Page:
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Tell a financial story when measuring customer experience

In our fast changing, increasingly digital world, building a strong customer relationship is the lynchpin to building a great business. Digitally-savvy, hyper-connected customers are now harder to define, understand and please than ever before. Today’s enterprise must focus on the customer experience as never before--or risk being replaced or ignored.

A new report by Harvard Business Review Analytics Services, "Lessons from the Leading Edge of Customer Experience Management" spotlights how leaders in customer experience management are developing strategies, capabilities, processes, and metrics to gain competitive advantage and remain relevant.

One of the striking aspects--and there are many--of this report pertains to measuring customer experience efforts. Maximizing the customer experience ROI (52%) was cited as the top issue. Nearly half also reported that it's extremely challenging to tie customer experience investments to business outcomes. Leading-edge firms aren't immune from this issue, with a third in the same predicament.

That difference suggests that a higher incidence of tying customer experience to business outcomes sets the leading-edge firms apart. Still, a majority of leading-edge companies admit to having at least some difficulty tying their customer experience investments to business outcomes.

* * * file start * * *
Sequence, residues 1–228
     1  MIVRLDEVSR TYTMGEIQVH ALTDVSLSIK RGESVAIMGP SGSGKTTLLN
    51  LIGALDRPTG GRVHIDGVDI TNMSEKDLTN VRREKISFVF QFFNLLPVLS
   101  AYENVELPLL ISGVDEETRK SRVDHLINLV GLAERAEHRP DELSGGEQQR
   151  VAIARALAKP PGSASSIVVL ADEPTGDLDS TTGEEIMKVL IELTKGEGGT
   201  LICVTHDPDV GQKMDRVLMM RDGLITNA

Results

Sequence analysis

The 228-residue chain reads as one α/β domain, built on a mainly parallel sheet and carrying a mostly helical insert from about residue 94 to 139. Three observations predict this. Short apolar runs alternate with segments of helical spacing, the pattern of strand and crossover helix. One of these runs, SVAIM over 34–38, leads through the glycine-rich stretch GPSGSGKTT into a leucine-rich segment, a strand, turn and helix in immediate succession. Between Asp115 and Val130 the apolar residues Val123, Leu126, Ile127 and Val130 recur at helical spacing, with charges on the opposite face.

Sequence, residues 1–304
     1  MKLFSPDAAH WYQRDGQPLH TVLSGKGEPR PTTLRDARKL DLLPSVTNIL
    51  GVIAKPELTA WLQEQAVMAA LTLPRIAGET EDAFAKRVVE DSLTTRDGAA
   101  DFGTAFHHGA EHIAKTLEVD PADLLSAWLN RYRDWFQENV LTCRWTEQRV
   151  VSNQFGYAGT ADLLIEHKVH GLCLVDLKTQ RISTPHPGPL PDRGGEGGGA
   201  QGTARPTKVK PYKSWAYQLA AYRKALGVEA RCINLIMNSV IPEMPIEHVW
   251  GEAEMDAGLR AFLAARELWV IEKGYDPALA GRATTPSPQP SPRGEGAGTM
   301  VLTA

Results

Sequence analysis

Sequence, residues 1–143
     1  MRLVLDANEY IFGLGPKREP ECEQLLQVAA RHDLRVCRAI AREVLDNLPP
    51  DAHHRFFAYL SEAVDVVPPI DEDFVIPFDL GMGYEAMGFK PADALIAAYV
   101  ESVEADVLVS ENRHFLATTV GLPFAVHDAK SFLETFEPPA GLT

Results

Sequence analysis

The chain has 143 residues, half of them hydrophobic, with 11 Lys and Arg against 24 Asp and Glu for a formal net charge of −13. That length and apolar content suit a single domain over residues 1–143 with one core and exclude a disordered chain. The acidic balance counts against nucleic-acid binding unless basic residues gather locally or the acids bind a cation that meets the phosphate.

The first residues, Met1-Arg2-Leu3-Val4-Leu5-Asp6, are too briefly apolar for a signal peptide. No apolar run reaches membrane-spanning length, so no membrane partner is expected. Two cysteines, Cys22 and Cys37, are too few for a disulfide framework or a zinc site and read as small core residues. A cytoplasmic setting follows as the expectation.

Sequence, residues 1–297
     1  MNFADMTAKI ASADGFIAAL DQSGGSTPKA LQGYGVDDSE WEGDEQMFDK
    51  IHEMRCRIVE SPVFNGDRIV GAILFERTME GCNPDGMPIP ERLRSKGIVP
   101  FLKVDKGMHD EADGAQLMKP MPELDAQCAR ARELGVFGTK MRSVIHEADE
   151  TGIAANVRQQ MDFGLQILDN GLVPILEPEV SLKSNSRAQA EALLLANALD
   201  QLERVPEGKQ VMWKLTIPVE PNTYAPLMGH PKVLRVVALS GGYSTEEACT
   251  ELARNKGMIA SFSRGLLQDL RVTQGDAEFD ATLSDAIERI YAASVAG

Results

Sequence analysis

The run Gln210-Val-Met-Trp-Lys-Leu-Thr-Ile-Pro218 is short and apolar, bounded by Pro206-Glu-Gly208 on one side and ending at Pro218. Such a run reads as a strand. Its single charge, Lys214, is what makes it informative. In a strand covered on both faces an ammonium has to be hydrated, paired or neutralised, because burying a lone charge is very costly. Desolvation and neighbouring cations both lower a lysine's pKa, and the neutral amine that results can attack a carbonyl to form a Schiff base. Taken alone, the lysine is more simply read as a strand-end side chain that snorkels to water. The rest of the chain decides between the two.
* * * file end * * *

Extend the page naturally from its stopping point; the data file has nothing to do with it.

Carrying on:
The traditional measure of customer experience success—customer satisfaction scores—are widely used in all companies. Yet a variety of other metrics deemed highly important by those that use them, such as customer effort and digital engagement scores aren't as prevalent.

The report showed that customer experience leaders use an array of metrics, often more effectively, to track customer experience management progress, including measures such as customer lifetime value, indirect traffic, social media sentiment, and upsell rates. Read More »